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Federal Trade Commission urges Green Mountain Power to review advertising practices

The Federal Trade Commission has decided not to open up an investigation into allegations of deceptive advertising at Vermont’s largest electric utility. But the FTC is asking Green Mountain Power to be more careful about its communications with customers in the future.

Audio for this story will be posted at approximately 11 a.m. on Tuesday, Feb. 10

Professors at the Vermont Law School say Green Mountain Power has been violating federal law by falsely telling its customers they were providing them with renewable energy. On numerous occasions, the professors say, GMP has said that wind energy projects on two mountains in Vermont are fueling the delivery of green, renewable energy to local ratepayers.

But GMP sells the renewable energy credits generated from those projects to out-of-state utilities. And according to Vermont Law School’s Pat Parenteau, the moment GMP chose to sell those renewable energy credits – known as RECs – is the moment they lost the right to advertise their own power as quote “renewable.”

“What GMP has been doing has not been reducing Vermont’s carbon footprint. We’ve been importing carbon fuel from out of state by selling these RECs,” Parenteau says.

Parenteau and fellow VLS professor Kevin Jones filed a petition with the FTC, asking the federal regulatory body to open an investigation into the alleged claims.

But while the Federal Trade Commission has found some fault with GMP’s advertising practices, FTC said in a letter released Monday morning that the transgressions don’t merit an investigation.

GMP spokeswoman Kristin Carlson says the sale of RECs has allowed the utility to invest in important renewable energy projects, without adversely impacting customers’ electricity rates. GMP generated about $30 million in REC revenue this year alone.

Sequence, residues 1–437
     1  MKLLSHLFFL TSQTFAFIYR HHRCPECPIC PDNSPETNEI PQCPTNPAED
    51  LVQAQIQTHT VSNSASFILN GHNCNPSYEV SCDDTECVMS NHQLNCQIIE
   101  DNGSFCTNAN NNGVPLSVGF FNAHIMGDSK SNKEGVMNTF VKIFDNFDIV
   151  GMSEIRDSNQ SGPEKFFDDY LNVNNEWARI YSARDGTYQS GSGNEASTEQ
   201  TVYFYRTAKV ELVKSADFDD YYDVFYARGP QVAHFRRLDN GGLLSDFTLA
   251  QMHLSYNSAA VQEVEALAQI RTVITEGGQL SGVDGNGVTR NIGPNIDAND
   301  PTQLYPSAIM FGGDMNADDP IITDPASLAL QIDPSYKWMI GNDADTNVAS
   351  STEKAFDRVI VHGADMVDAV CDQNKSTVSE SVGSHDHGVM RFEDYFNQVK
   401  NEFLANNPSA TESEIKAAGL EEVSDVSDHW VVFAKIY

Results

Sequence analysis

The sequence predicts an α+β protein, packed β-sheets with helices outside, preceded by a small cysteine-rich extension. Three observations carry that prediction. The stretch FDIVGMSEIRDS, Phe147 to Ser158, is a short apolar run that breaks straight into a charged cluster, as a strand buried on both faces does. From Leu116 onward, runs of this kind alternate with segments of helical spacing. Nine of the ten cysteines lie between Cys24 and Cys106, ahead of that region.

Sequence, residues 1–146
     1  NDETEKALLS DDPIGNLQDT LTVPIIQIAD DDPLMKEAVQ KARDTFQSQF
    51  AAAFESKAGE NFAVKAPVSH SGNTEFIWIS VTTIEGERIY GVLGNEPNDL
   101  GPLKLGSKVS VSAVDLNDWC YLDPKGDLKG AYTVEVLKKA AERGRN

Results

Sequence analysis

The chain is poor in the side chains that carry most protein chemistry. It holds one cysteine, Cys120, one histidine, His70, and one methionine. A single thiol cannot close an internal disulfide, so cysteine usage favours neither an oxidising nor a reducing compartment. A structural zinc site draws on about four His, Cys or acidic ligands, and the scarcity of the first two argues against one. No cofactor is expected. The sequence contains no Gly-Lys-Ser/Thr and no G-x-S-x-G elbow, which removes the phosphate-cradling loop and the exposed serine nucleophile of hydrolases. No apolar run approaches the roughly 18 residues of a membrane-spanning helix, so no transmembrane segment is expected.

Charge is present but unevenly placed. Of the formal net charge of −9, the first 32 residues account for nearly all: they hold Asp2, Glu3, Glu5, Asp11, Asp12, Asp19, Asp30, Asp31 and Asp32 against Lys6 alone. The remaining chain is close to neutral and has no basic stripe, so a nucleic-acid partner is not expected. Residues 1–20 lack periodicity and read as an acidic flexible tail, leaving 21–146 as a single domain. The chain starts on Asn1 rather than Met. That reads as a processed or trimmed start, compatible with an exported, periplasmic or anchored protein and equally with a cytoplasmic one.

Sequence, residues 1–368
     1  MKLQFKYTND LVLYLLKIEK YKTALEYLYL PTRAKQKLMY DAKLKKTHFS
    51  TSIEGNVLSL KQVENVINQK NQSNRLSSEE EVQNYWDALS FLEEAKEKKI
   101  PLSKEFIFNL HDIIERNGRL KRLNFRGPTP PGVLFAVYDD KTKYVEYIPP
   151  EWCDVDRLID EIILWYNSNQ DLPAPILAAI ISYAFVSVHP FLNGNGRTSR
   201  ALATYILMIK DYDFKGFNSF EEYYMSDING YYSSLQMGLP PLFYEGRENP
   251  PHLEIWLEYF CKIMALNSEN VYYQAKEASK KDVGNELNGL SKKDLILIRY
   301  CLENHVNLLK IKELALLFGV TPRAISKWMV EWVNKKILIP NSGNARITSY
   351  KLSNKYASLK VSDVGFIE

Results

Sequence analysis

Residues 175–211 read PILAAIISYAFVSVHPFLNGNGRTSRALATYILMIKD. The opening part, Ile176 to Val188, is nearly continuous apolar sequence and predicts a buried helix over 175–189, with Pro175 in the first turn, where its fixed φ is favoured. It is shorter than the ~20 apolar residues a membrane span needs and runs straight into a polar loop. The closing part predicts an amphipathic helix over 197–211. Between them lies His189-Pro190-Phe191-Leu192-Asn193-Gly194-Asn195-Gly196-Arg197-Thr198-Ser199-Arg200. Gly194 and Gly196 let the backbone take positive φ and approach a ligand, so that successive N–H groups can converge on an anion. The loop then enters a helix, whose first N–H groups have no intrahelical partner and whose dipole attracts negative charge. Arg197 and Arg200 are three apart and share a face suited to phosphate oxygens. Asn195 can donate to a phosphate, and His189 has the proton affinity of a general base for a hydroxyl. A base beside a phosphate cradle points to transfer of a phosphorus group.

“The important thing to understand right now is that the FTC has looked at this and has decided that it’s meritless and it’s not needed to open up an investigation, which we are very, very pleased about,” Carlson says.

Parenteau has a far different reading of the FTC’s letter, and says the federal commission, while stopping short of an investigation, is hardly siding with GMP. Parenteau notes that FTC staff expressed concern with what it called “problematic claims” made by GMP about the green qualities of its power.

In its letter, the FTC urges GMP to explain more clearly to customers in the future that when the utility sells RECs, it forfeits the right to claim that power derived from those generation facilities is in any way renewable.

The FTC also says that “if we identify concerns in the future, we reserve the right to take further action.”

“This is a warning letter –that’s the way I interpret it,” Parebteau says. “I suppose the easiest example is if you’re caught speeding, the cop gives you a warning ticket.”

Carlson says the FTC letter is a vindication of GMP’s current advertising practices. And she says the utility will heed the commission’s advice on improving its communication with customers in the future.

“So we appreciate that the FTC staff is encouraging us to always do better with communications, and we take that as a really good positive,” Carlson says. “And we appreciate that they want us to be clear with how we communicate with customers – that’s what we always strive to do.”

Lawmakers are expected to approve a renewable energy mandate this year that would clarify utilities’ responsibility for contributing to the green energy mix.